Accounting

When (and When Not) to Capitalize Cloud Computing Fees

For customers entering into hosted cloud computing arrangements, an important question to consider: which costs can be capitalized and which costs should be expensed?

The use of hosted cloud computing arrangements has become more and more common as companies find benefits in moving away from capital-intensive infrastructure and internal software investments. Companies often incur substantial fees in connection with the setup and implementation of these cloud computing arrangements, and are required to determine whether to expense or capitalize those fees.

In addition to the cost of a software license, for instance, there could be fees for services, software upgrades and renewals, support and maintenance, internal and external consulting services, website development, infrastructure, training, and systems reconfiguration. The incurred fees may be bundled together or paid individually to a provider up-front or over time. In some cases, fees are paid to third parties. The costs can be substantial and material to a preparer’s financial reporting.

New Guidance Effective for Q1 2016: ASU 2015-05

Historically, U.S. GAAP did not explicitly address a customer’s accounting for fees incurred in a cloud computing arrangement, which may have led to complexity and diversity in practice as some cloud migration costs were capitalized while others were expensed1.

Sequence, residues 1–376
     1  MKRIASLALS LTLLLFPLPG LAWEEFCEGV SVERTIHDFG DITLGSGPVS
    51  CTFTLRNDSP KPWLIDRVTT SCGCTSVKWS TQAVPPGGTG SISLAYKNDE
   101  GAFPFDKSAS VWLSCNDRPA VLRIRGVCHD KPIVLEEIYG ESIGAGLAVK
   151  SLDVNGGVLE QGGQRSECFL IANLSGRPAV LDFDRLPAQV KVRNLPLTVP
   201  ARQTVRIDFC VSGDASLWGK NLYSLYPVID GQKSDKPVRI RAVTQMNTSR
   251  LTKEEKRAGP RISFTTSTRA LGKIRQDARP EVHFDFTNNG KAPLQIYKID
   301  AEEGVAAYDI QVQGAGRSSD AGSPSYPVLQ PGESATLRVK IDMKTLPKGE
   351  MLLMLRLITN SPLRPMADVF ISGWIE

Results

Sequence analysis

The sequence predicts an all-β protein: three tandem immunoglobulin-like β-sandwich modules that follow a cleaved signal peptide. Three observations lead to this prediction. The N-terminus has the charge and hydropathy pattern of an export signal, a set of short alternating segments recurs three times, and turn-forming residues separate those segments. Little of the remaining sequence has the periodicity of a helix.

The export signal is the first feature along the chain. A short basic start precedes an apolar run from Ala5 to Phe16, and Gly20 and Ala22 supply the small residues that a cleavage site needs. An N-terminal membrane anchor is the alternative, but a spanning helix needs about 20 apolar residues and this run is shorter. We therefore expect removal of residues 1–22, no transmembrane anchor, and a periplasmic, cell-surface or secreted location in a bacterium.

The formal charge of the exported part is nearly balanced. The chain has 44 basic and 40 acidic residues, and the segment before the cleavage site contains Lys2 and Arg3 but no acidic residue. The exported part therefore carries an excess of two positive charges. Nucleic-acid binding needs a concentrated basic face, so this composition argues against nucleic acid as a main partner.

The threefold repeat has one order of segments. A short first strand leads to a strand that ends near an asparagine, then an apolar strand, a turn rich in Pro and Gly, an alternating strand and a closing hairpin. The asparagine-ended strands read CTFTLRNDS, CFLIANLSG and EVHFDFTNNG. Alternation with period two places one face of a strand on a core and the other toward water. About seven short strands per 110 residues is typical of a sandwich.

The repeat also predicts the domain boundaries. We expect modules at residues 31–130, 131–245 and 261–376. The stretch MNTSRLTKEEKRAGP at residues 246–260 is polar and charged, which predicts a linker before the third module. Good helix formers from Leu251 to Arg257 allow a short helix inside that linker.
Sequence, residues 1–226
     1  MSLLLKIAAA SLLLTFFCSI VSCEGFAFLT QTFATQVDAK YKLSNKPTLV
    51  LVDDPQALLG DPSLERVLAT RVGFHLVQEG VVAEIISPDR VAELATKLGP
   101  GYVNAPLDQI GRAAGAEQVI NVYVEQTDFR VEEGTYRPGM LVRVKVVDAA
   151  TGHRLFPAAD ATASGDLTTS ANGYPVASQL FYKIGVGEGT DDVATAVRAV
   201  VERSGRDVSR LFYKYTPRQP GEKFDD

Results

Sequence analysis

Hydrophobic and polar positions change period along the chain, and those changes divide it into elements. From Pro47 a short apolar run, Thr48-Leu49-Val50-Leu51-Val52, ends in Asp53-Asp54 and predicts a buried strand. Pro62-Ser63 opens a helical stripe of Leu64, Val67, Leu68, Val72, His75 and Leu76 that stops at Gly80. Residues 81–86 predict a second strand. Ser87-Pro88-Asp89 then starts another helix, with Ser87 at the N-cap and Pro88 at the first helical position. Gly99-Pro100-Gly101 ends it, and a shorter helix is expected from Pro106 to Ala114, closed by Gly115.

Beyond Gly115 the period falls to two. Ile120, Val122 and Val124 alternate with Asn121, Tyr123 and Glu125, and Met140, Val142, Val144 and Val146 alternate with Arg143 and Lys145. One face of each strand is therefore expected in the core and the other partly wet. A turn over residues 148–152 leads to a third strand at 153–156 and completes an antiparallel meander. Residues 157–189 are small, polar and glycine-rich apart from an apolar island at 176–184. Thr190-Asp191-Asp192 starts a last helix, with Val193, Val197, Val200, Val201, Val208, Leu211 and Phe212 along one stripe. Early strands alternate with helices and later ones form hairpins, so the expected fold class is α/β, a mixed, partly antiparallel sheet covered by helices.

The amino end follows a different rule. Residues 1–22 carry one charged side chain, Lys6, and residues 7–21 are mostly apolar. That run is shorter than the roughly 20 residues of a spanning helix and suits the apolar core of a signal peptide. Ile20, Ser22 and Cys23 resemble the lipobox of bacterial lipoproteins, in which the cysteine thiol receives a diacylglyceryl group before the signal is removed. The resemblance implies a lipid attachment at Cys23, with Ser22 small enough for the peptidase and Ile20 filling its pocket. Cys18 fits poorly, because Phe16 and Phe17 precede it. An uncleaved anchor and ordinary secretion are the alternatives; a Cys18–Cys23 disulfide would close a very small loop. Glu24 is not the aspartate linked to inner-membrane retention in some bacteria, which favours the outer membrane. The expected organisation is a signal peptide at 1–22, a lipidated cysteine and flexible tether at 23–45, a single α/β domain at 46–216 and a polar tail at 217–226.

The issuance of ASU 2015-05 simplifies the analysis required from preparers when determining how to account for those fees by providing the following:

  • Aligning the criteria for customer accounting in a cloud computing arrangement to the existing guidance for cloud service providers2
  • Providing explicit criteria to customers to evaluate whether a cloud computing arrangement includes a software license
  • Eliminating the need for customers to analogize to the guidance on leases in ASC 840 to determine the asset acquired in a software licensing arrangement
  • Clarifying that when a cloud computing arrangement does not include a license of software, the customer should account for the arrangement as a service contract.

While preparers were allowed to early adopt, companies are required to begin applying the provision of the new guidance in the first quarter of 2016 with an option to adopt on a prospective (for all arrangements entered into or materially modified after the effective date) or retrospective basis.

FEI Answers Your Questions

One of the most common questions for customers entering into hosted cloud computing arrangements deals with the question of which costs can be capitalized and which costs should be expensed. Answering those questions is not always clear, even with the FASB’s updated guidance.  In an effort to bring additional clarity around this and other issues and questions, FEI has put together a members-only article which takes a deeper dive into this important topic. Please click on the banner below to gain access to the entire article through FEIconnect.

 

 

1U.S. GAAP did, however, provide explicit guidance for cloud computing providers in ASC 985-605, Software – Revenue Recognition

2 Refer to ASC 985-605-55-121 to 55-125